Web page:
I have been writing that book I said I would. I signed with Revell back in February, and I love that team. They feel close and real to me. They make me feel small in the right way that I am. To have my name on a big document like that is rattling, but Seth keeps me on task in about a trillion ways. My manuscript is due August 15th, and I have loved the process of writing a book. I don’t know how many times I’ve been writing at my desk and then suddenly I pause to gulp big and think how grateful I am to do the little-girl thing I always wanted to do.
Gratitude brings glory to anything, but besides that, it’s a whole bunch of lonely grinding. There are entire days that feel wasted. One chapter took 5 weeks to write, and then I wrote two chapters in three days. It’s a freaky spirit thing with tiny spurts of one word in front of the other. It’s the feeling of lost and then a whoosh rushing out thousands of words.
It’s thinking your chapter is complete and then having a dream or going back to read it to find that it makes a whole different kind of sense than you meant for it to make.
I’m learning a lot about space and intimacy with the Spirit and discipline. I’ve learned that it’s expensive to drink coffee to pay for a spot to write. It’s less expensive to rent a little shared space in town. So that’s what I did. I call it “A Room of Her Own,” and the only things I hear in that room are my own coffee pot, a train whistle, and a music studio. Once in a while, a little girl may sing karaoke, and every smack bit of that makes me happy.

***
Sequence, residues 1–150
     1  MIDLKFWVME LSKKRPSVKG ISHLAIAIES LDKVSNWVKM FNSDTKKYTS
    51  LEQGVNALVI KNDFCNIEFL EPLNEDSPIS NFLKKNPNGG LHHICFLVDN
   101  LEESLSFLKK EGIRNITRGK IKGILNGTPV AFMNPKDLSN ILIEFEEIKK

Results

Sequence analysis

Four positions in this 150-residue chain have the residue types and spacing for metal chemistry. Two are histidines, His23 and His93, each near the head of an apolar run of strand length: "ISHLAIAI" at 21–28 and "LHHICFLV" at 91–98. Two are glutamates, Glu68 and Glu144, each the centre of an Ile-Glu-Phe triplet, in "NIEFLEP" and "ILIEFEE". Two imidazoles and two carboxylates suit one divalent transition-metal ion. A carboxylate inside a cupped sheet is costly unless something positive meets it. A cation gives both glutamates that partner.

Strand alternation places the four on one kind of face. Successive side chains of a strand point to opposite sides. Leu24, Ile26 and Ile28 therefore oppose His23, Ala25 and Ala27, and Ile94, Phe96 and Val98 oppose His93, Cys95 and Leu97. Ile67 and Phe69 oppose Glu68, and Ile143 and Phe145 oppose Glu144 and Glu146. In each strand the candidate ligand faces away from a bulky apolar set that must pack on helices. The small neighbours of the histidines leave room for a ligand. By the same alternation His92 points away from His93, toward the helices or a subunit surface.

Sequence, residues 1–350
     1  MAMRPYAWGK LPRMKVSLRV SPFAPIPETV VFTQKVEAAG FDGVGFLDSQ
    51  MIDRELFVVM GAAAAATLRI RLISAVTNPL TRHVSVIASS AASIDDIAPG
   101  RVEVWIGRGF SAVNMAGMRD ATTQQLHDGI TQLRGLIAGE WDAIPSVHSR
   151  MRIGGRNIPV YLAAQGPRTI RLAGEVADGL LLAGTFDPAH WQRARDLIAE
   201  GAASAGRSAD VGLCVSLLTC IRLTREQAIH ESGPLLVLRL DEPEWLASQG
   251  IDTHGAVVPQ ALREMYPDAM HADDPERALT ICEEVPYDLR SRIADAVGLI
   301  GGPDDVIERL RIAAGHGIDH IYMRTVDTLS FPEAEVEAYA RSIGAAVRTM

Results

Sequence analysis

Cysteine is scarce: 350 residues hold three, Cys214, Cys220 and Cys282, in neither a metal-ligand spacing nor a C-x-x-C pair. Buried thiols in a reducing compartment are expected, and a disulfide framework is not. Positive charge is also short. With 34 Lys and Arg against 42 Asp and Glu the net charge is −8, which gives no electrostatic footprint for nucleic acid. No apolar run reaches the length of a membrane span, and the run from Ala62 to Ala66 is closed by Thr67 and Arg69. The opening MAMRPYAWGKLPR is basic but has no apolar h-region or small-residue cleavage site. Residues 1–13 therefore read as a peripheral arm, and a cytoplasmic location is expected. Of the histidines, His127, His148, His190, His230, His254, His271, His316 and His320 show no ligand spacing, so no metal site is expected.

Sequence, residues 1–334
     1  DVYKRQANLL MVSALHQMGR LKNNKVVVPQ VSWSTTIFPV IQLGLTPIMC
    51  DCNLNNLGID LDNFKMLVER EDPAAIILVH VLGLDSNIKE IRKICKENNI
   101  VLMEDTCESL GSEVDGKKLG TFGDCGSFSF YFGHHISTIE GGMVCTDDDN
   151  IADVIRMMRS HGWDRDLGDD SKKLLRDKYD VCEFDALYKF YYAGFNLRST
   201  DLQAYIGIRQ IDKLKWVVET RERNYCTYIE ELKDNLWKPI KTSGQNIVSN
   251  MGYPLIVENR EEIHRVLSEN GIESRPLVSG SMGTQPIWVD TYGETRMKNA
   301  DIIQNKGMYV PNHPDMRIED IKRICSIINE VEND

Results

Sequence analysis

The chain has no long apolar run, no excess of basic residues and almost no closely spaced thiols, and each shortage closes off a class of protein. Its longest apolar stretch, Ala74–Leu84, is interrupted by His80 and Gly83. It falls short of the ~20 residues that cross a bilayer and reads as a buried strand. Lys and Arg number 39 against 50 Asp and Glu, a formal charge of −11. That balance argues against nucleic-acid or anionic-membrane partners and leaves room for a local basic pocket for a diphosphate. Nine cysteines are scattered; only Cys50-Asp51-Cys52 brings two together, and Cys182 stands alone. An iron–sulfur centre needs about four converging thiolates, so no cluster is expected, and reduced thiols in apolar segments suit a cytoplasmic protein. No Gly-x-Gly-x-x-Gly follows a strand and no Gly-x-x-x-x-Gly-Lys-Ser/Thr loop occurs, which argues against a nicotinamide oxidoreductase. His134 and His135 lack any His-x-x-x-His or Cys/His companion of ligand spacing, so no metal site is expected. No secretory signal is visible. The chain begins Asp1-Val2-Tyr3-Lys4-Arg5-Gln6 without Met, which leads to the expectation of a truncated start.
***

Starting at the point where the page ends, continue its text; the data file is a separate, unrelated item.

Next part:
This summer I’ll be writing a book that I love, and that’s my job now after keeping my eyes on the boys so that they don’t make each other bleed too much. I love the title of my book, and I can’t wait to tell you everything. I love looking back through my blog here to help me remember fuzzy details. I have been through my archives and cried and felt such gratitude toward Jesus and toward you.
During this summer blog-break, I’ll be living such fodder. My Haines Home Companions will no longer be on the blog but will only come once a month to you friends who sign up. It feels more like a letter to those who really want to know about our real lives. I’m excited to write there about my writing process as well.
Now in the meantime, I invite you to link-up to any Marriage Letters you write this summer and also to any posts you write considering a Revolution in the American Church. That’s a big deal to me, and I want others coming here to keep thoughts whirling on it all. Please link below.
Y’all come back here to check on the conversation. Hopefully it won’t be like when you go to Buzzfeed to check out the Top Ten Cat Mustaches of 2014, and then you get sucked into reading about Swinging Hollywood Chimpanzees or How to Erase Who You Really Are To Be a Better Beyonce. If you start to accidentally read dumb stuff, then come back here and click around, and let me also suggest to you
If you’re looking for a book idea, let me suggest
Nonfiction: Bonnie Gray’s Finding Spiritual Whitespace
Marva Dawn’s Powers, Weakness, and the Tabernacling of God
Fiction: Sue Monk Kidd’s The Invention of Wings
May your summer never once involve a naked chicken run! May your children’s bleeding be minimal,